Mellinger tried to be useful to Metzger by making a new German translation of the "Gnostic Mass", and supported him as best he could. "In one respect, I told him, do I feel that he could not expect your [Germer's] authorisation to use the material you might send him"; though Metzger seems to have received this news "with splendid and convincing modesty." Unfortunately, they not yet had Genja Jantzen's papers, but Metzger would soon be negotiating with her through a promising mediator.
Metzger and his seventeen "brethren" had gone through the three lowest rituals written by Theodor Reuss, and now wanted to receive and sign the initiation-certifiates as quickly as possible, so that they could gain knowledge of Crowley's rituals. Metzger was admitted to the Sanctuary of the Gnosis (IX°) "in a very original form, as it seems, which P[inkus]. might have devised by combining traditional instructions with the results of his own studies and experiences." 
Later, Metzger saw his visit to Mellinger in the following light: "In October 1951, on the orders of Fra. Saturnus [Germer] the IX° O.T.O. was presented by Fra. Merlinus (Dr. Friedrich Mellinger) to Fra. Paragranus [Metzger] in Hamburg, in the presence of Sor. Chochmah [Fräulein Äschbach]."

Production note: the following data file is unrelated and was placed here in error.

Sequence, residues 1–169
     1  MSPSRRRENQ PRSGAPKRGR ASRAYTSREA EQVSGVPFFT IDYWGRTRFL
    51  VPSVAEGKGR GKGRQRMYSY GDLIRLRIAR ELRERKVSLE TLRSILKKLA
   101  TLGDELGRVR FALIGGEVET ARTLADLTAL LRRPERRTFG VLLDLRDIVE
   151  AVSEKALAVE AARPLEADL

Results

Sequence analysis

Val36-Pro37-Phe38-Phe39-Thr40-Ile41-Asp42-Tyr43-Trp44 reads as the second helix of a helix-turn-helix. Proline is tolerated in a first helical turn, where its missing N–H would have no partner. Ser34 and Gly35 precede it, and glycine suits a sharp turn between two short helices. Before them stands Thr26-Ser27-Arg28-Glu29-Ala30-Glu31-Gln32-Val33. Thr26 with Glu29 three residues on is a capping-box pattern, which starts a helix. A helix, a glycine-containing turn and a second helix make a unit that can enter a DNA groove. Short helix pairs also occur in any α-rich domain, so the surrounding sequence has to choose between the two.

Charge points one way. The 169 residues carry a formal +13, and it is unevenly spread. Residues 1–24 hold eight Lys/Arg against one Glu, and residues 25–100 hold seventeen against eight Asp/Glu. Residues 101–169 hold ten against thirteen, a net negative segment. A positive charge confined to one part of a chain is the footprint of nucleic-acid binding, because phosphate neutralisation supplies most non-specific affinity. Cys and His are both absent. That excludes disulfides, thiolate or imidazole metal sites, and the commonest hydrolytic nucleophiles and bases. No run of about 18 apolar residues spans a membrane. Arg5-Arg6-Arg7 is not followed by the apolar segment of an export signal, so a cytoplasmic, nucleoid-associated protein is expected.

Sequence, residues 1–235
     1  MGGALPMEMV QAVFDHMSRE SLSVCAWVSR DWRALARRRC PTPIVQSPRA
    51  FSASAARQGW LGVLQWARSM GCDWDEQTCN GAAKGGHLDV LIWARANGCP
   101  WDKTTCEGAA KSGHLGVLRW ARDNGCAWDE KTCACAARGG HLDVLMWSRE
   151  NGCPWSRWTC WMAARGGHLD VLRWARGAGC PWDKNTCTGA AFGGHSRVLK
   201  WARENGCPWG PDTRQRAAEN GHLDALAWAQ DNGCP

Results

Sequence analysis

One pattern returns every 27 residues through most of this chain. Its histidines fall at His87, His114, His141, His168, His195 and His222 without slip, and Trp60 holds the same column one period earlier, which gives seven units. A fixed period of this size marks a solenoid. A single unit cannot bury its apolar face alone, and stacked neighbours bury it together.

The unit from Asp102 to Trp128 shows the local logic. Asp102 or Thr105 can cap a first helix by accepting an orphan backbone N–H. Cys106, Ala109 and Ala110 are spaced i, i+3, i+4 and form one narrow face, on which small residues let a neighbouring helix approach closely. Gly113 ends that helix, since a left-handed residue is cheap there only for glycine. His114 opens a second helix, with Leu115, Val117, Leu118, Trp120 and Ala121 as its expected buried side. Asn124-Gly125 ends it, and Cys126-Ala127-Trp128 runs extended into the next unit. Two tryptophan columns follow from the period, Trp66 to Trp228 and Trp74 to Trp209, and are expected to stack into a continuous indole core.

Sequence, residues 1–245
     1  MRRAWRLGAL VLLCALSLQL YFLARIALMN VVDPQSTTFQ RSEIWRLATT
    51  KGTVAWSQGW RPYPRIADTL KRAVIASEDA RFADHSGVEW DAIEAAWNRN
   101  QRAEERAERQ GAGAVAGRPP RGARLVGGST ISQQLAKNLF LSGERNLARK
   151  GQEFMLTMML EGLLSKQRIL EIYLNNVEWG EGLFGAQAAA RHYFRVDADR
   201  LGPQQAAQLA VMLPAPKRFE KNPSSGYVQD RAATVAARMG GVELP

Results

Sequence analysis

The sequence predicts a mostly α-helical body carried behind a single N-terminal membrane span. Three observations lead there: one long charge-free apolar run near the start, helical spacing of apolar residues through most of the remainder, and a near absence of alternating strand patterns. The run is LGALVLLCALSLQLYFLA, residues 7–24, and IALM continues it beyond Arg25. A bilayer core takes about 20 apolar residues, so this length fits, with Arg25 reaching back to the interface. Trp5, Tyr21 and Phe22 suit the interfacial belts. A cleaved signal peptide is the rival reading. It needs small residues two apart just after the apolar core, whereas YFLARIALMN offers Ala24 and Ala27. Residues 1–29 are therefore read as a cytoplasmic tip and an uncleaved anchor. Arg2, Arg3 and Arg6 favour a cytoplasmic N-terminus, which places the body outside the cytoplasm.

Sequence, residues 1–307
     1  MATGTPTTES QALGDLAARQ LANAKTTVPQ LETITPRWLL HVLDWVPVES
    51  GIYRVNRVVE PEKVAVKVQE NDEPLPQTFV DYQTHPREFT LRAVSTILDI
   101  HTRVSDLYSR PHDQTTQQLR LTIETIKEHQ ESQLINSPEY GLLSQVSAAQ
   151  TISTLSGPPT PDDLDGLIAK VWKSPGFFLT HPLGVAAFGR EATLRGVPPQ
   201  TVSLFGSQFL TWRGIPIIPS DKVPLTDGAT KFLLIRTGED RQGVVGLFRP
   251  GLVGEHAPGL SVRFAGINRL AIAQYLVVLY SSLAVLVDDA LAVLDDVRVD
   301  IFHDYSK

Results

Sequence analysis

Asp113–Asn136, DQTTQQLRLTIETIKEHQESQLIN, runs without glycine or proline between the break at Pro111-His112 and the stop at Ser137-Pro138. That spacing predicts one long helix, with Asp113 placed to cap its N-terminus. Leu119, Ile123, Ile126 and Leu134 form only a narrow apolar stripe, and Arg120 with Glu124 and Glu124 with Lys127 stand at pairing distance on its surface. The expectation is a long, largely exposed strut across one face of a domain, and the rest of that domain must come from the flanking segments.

There is documentary proof of the events on October 28th that year, when Metzger and Fräulein Äschbach sought initiation in Crowley's O.T.O. The document is signed by Mellinger, and Germer signed it later on as a witness.  Germer considered his papers to Metzger that is "authorisation only as continuation of his previous O.T.O. work, with the exception that he had been working the old Reuss rituals (which did not accept the Law of Thelema) and that he now adopted our rituals." 
Extant apart from Metzger's authorisation: Germer and Mellinger signed nine forms for Metzger's group: Äschbach, Borgert, Gerard, Hanimann, Binder, Herr and Frau Weber and Rösli Metzger. Most of these stayed on to reach the O.T.O.'s IX° and are still alive.
On December 4th 1951 Germer included his wife Sascha and Mellinger in his last will and testament: "I leave the whole of my property and possessions to my beloved wife Sascha Ernestine André-Germer as sole heir [...] As regards the property of the Order Ordo Templi Orientis [...] I direct that this is passed to the Heads of the Order [...] my wife [...] has to be the executor of this part of my Will, together with Frederic Mellinger."